GREEN COVE SPRINGS, Fla. – Two aircraft crashed Wednesday after colliding mid-air not far from a private airstrip south of Green Cove Springs, killing one pilot and injuring a second, according to the Florida Highway Patrol.
Sgt. Dylan Bryan said one of the pilots died and the second was seriously injured when both crashed near the Clay County Fairgrounds.
A National Transportation Safety Board team from Orlando took over the investigation Thursday and will determine what caused the planes to collide.
Troopers said Wednesday that the collision happened sometime after takeoff from Haller Airpark off U.S. 17. One plane crashed in an open field and that pilot, David Dollarhide of Green Cove Springs, was hospitalized.
The second plane crashed into trees not far away. That pilot, 74-year-old Robert Woolley, also of Green Cove Springs, was killed.
"Dollarhide has been transported to Orange Park Medical Center where he has non-life-threatening injuries and he’s surrounded by his family," Bryan said.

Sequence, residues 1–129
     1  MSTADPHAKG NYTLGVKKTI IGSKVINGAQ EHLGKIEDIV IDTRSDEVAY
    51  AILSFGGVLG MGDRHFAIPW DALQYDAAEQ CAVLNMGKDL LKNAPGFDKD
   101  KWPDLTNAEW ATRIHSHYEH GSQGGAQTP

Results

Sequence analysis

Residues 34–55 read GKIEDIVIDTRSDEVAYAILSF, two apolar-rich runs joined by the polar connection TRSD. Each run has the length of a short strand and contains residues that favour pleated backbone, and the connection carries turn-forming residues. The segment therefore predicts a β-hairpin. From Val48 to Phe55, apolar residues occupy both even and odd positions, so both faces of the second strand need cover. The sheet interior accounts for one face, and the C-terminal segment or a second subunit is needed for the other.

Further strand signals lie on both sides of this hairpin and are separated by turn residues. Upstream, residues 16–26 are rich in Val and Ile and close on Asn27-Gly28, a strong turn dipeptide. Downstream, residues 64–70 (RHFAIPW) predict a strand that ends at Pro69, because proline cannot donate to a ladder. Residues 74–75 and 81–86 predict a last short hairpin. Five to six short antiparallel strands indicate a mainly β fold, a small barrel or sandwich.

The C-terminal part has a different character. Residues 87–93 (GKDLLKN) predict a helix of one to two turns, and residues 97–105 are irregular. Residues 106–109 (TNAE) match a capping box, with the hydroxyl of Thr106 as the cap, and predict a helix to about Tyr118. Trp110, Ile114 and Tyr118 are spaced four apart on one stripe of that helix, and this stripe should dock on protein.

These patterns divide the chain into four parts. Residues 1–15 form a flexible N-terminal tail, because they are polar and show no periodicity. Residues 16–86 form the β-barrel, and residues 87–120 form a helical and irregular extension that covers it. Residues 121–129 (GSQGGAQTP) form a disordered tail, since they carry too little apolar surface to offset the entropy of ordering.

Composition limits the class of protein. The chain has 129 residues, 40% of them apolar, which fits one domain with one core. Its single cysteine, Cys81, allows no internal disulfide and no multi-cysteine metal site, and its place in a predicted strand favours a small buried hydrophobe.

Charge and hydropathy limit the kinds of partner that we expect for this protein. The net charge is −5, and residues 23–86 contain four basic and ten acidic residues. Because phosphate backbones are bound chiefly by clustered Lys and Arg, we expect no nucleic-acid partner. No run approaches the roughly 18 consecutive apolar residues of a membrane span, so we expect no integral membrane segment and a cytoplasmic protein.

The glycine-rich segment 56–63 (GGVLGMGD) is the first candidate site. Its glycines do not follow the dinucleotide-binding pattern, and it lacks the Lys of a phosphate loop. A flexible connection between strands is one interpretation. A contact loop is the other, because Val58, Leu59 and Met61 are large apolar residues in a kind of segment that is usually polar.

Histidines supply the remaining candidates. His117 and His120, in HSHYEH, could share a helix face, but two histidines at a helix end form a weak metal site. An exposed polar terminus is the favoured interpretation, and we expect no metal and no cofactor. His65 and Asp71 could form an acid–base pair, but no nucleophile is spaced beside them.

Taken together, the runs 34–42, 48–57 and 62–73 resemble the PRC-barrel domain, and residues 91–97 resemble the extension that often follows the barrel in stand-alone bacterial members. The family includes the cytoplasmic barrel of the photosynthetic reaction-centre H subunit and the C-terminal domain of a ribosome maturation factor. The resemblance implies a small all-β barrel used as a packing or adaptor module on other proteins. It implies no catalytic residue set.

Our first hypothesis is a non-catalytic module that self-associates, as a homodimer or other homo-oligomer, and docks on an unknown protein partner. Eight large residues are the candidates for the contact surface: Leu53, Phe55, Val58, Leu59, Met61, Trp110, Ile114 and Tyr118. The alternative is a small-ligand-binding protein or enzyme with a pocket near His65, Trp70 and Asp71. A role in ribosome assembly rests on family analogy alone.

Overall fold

Joe Tierney, a pilot, lives in the Haller Airpark. He said Woolley was a retired Air Force fighter pilot who instructed many pilots at the airpark. He said Woolley was very by the book when it came to flying.
"One of the most safety conscious guys I've ever met," Tierney said. "They're icons of our community. Both have been here for many years. They're mentors to a lot of us in the airpark, so it's a devastating loss."
News4Jax spoke to Dollarhide back in 2005 at Haller Airpark, where he and fellow pilots shared their passion for flying.
Dollarhide is a retired Navy pilot who flew in combat with the late Sen. John McCain. Dollarhide flew combat missions in Vietnam off the USS Forrestal aircraft carrier.
The NTSB identified both aircraft as Vans RV-4s. They are light homebuilt aircraft that seat two.
The FHP said Dollarhide called someone on the ground to say he'd collided with another plane and crash landed. It took authorities some time to find the second crash scene.
The Jacksonville Sheriff's Office, St. Johns County Sheriff's Office and Florida Fish & Wildlife Conservation Commission assisted in searching for the aircraft.
News4Jax was told the pilots knew either other. A pilot acquainted with both men said that the two often flew together, sometimes in formation.
The National Transportation Safety Board, the federal panel that routinely investigates incidents involving planes and trains, has a crew headed up from Orlando to investigate.